Cooperative supermarkets arrive in France

Several cooperative supermarket projects are ready to launch in France. Customers can help around in the store in return for lower prices, a concept that has proven popular in the United States.

Lower labour cost

There are currently three separate projects in France (Paris, Lille and Toulouse), but Marseille and Lyon are also readying a cooperative supermarket. Shareholders and volunteers collaborate to keep prices lower than with the competition. Whoever is involved in the project has to work 3 to 4 hours a month in the store, which helps lower the labour cost some 75 %.


The Paris-based project, called The Wolf, was based on the idea of two American entrepreneurs and is furthest along. A rental agreement has been signed for a 1,500 sqm store and about 1,500 people have joined the project already. This particular cooperative supermarket should open its doors in the summer.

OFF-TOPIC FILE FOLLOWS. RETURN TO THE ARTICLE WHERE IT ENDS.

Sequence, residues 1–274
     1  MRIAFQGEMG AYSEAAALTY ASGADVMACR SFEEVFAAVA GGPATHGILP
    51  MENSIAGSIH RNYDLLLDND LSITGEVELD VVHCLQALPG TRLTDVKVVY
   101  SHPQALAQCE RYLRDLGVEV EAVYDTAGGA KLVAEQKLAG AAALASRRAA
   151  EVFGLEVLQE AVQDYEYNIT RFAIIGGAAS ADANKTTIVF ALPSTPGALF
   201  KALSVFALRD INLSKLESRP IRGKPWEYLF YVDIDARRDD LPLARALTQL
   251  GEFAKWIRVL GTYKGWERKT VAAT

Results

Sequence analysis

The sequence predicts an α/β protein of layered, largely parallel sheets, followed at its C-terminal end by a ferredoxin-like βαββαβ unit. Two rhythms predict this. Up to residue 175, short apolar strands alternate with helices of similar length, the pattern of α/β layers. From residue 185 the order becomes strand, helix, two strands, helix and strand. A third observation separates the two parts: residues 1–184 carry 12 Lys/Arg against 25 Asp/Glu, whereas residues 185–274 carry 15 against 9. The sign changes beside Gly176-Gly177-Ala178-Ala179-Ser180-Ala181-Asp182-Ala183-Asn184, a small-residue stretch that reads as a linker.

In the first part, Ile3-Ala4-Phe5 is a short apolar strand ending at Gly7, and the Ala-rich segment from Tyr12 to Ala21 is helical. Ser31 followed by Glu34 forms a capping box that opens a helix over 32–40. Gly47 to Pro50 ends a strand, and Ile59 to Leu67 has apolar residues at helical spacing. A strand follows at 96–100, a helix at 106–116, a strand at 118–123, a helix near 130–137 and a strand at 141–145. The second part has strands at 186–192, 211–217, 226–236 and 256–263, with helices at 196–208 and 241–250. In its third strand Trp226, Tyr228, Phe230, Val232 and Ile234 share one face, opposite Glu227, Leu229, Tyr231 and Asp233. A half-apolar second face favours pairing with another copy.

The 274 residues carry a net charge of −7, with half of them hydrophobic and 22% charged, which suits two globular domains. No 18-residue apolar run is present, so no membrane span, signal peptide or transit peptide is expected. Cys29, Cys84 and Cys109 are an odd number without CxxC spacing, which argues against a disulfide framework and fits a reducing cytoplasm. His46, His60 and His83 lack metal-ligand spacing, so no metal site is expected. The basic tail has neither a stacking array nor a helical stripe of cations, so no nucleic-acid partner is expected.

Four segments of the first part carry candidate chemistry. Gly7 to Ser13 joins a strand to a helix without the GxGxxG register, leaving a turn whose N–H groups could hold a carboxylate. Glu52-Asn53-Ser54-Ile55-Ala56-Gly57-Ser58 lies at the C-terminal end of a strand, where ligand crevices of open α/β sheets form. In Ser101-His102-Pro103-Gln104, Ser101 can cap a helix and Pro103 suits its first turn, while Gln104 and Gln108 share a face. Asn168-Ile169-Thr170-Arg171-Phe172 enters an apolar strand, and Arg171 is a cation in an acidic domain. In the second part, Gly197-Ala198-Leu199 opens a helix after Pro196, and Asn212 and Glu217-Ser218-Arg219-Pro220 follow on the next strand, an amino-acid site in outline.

The Lille-based project will not open until 2016 at the earliest, as only 70 people signed on while at least 1,000 people are required to get the supermarket operational.

Questions or comments? Please feel free to contact the editors

Gerelateerde items


Following its merger with SABMillerAB InBev will apparently gradually cut 3 % of all jobs, some 5,500 jobs.


French fashion designer Sonia Rykiel has passed away, aged 86. She was known as the queen of knitting and suffered from Parkinson's disease.


In the last quarter prior to their official merger, both Belgian Delhaize and Dutch Ahold performed well with 12 and 8 % underlying profit increases respectively.


A failed Argentinian harvest and increased Chinese demand will result in highly increased peanut prices. As a consequence, peanut butter will also become much more expensive.


Home delivery service Takeaway, which owns brands like and, has sold its British operations to Just Eat, barely a month after Takeaway acquired Just Eat's Benelux operations.


British DIY giant Kingfisher will have mixed feelings about its second quarter: its British subsidiaries performed very well, while the French chains' turnover dropped.

Back to top